Edmonton churches face challenges

By on September 1, 1999

Matthews

The Diocese of Edmonton has had some rough sailing over the past few years, but with determination and a dose of optimism, its 59 congregations have weathered the storms.

But about a third of churches in the diocese face extinction if their congregations aren’t willing to welcome and include those who are not lifelong Anglicans, said Rev. Keith Denman, parish priest at All Saints’, Drayton Valley and St. Paul’s, Evansburg.

Mr. Denman has been in Alberta for the past eight years.

He says the diocese is facing 2000 knowing that some changes will have to be made to ensure the long-term viability of some of its parishes, especially those that have traditionally resisted change. Economics will dictate what will happen, he said, but geographic factors will also play a part – the diocese covers about 78,000 square kilometers.

“Unlike some dioceses, we don’t have the option of simply combining parishes,” he said. “Many of the congregation are scattered throughout the diocese. In most cases, parishes are about 100 km from each other, so merging them isn’t really an option.”

In her charge to synod in April of this year, Bishop Victoria Matthews said some parishes are experiencing “isolation and exhaustion.” To help, the diocese has set up a ministry of accompaniment to share liturgical resources in far-flung parishes.

“The bishop is working hard to ensure that progress will happen in the rural areas. It’s not hard to see why many rural areas have the sense that all the good things happen in the urban areas,” said Mr. Denman. “And then they look around and see very few people in church on a Sunday. Many are just at or just below the point at which they can afford to have a full-time priest. So, it has been one of the bishop’s priorities to see that they get more resources and not just to leave them floundering.”

While churches in urban areas, like Drayton Valley, might have more economic resources, members of their congregations are often too busy to participate fully in church life.

Mr. Denman said that with an economy tied so closely to the fortunes of the oil and gas industry, boom and bust cycles are a constant part of the diocese’s urban landscape.

About five years ago, he said, “the diocese hit the wall financially – we ran out of money, really – cheques were starting to bounce all over the place. There were a number of angst-filled meetings with clergy and wardens, and money had to be borrowed to get us through the crisis. It took us about three years to get back on our feet financially and I think there are a lot of people still very gun-shy about starting new things.”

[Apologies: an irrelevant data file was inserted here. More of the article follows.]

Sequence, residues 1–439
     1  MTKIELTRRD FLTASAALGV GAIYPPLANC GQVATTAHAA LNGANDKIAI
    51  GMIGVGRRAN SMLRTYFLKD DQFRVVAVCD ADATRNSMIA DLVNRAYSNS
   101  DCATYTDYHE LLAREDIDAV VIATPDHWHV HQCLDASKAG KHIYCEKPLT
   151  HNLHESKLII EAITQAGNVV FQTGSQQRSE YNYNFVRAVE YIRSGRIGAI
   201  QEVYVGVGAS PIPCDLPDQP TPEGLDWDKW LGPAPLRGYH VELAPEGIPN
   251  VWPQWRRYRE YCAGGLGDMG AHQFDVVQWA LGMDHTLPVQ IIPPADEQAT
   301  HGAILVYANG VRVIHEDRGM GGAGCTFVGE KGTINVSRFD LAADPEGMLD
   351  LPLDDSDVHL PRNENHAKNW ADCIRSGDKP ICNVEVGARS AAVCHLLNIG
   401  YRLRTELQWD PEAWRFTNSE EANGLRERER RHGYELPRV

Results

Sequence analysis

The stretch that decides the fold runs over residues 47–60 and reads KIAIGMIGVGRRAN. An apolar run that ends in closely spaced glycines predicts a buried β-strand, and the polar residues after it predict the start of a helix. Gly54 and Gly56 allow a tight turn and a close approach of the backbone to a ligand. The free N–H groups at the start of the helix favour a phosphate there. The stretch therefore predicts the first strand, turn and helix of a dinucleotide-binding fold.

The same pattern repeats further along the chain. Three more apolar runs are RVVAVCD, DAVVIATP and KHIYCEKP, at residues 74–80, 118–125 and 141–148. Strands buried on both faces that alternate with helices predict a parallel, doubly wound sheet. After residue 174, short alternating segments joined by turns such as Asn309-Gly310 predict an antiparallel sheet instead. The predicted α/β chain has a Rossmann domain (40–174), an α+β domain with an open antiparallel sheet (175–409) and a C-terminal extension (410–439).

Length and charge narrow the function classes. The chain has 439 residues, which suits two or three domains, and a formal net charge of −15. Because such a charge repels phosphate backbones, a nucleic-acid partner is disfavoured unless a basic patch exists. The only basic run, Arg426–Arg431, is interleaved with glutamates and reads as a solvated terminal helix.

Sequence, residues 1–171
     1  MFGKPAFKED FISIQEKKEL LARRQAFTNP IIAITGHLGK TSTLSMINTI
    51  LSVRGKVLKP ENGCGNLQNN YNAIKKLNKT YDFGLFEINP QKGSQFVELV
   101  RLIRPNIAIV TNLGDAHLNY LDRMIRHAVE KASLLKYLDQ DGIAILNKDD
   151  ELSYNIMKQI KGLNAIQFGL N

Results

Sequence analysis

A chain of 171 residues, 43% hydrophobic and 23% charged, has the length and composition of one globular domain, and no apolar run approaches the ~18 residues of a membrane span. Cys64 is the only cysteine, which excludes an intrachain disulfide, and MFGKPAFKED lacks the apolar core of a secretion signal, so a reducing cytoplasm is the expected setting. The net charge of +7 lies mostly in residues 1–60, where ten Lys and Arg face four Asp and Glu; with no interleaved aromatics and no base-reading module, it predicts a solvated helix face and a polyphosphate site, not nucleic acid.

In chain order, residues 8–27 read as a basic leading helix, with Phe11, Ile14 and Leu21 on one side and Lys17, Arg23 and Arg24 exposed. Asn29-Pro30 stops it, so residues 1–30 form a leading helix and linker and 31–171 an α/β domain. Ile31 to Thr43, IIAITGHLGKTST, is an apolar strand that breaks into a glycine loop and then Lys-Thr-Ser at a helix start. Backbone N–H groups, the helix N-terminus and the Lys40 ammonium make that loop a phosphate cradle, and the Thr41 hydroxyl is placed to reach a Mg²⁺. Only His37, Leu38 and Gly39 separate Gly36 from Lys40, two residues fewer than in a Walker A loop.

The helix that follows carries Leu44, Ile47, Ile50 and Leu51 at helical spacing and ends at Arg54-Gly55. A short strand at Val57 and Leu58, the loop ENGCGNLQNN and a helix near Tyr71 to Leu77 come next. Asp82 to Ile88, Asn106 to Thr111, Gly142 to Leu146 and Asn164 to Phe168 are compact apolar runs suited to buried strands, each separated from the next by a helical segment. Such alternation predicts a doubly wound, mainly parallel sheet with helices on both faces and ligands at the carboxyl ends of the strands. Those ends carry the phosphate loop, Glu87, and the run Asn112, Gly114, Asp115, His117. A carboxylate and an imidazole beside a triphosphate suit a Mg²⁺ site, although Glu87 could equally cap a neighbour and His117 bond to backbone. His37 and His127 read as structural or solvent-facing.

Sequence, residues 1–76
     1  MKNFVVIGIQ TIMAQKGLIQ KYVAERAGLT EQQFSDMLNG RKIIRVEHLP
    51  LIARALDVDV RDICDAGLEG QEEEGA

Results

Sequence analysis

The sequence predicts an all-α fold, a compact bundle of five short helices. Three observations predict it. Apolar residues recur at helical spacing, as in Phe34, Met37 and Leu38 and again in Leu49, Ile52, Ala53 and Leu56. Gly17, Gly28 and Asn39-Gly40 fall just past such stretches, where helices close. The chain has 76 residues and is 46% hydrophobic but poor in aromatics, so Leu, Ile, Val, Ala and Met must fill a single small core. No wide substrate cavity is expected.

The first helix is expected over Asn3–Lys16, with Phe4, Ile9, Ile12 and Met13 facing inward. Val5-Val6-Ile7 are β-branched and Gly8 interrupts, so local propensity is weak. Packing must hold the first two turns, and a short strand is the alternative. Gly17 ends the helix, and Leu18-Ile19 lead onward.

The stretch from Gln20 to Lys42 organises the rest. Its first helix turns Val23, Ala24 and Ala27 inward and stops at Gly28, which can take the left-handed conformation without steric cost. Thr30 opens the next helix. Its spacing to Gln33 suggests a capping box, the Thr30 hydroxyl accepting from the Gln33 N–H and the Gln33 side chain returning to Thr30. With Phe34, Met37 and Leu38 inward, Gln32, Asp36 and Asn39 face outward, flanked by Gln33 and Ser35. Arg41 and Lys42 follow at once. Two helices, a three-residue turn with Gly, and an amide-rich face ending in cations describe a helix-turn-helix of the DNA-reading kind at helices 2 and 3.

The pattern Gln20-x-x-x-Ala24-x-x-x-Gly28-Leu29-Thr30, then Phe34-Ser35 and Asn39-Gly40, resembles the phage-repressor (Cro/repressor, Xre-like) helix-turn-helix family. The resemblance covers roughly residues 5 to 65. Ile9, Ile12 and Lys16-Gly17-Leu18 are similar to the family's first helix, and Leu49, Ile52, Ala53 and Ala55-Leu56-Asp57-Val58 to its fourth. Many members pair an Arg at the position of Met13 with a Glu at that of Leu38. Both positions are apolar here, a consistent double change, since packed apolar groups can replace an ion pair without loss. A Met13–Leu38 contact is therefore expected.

(Part of the problem was that the then bishop, Kent Clarke, who was the region’s archbishop, was forced to resign in 1987 because of alcoholism.)

On a parish level, it means people take a cautious approach. For example, when All Saints moved into its new church building two years ago, the building was paid for by move-in day. Being in debt was just too terrifying.

“When times are good, as they are right now, people have a lot more money, but they don’t have a lot of time,” he said, adding that a lot of the average $60,000 household income in Drayton Valley is made by those doing unpredictable contract work. “They are working every chance they get – so they aren’t as available for weekday church programs and you can’t always count on them being there on Sundays, either.”

While life might be somewhat chaotic for his parishioners, Mr. Denman said most have chosen to become part of the Anglican Church – and that holds true for several other parishes in the diocese.

Part of that is intentional – in this part of Canada, fundamentalist churches make up the lion’s share of Christian worship – so the Anglican churches that wanted to grow had to reach outward by offering things like Alpha courses and Cursillo programs to reach the wider community.

“The feeling used to be that if you weren’t Anglican, that was your own fault. We were here and people came to us,” said Mr. Denman. “Now, we are being much more energetic and enthusiastic about our faith and sharing it with others. Churches willing to do that will grow.”

To maintain that growth, the bishop is also renewing the emphasis on ministry to youth and children.

“I don’t believe we are succeeding in communicating Christian faith. The fault isn’t with the parishes or the children’s parents, or the church school curriculum alone, but a combination of all three,” Bishop Matthews told synod. “There is virtually nothing left in society that supports and encourages a young person to become, let alone continue, as a disciple of Jesus Christ. I don’t believe the task is impossible, but I do believe we need to make Christian education a priority for our life as a diocese.”

Mr. Denman credits Bishop Matthews for both her keen support of ongoing training and preparing clergy and laity for ministry and her ability to help parishes identify problem areas and develop improvement plans. But he says some parishes are finding the situation difficult. “Some would rather die than change.”

Nancy Devine is a freelance writer and editor living in Aurora, Ont.

Skip to content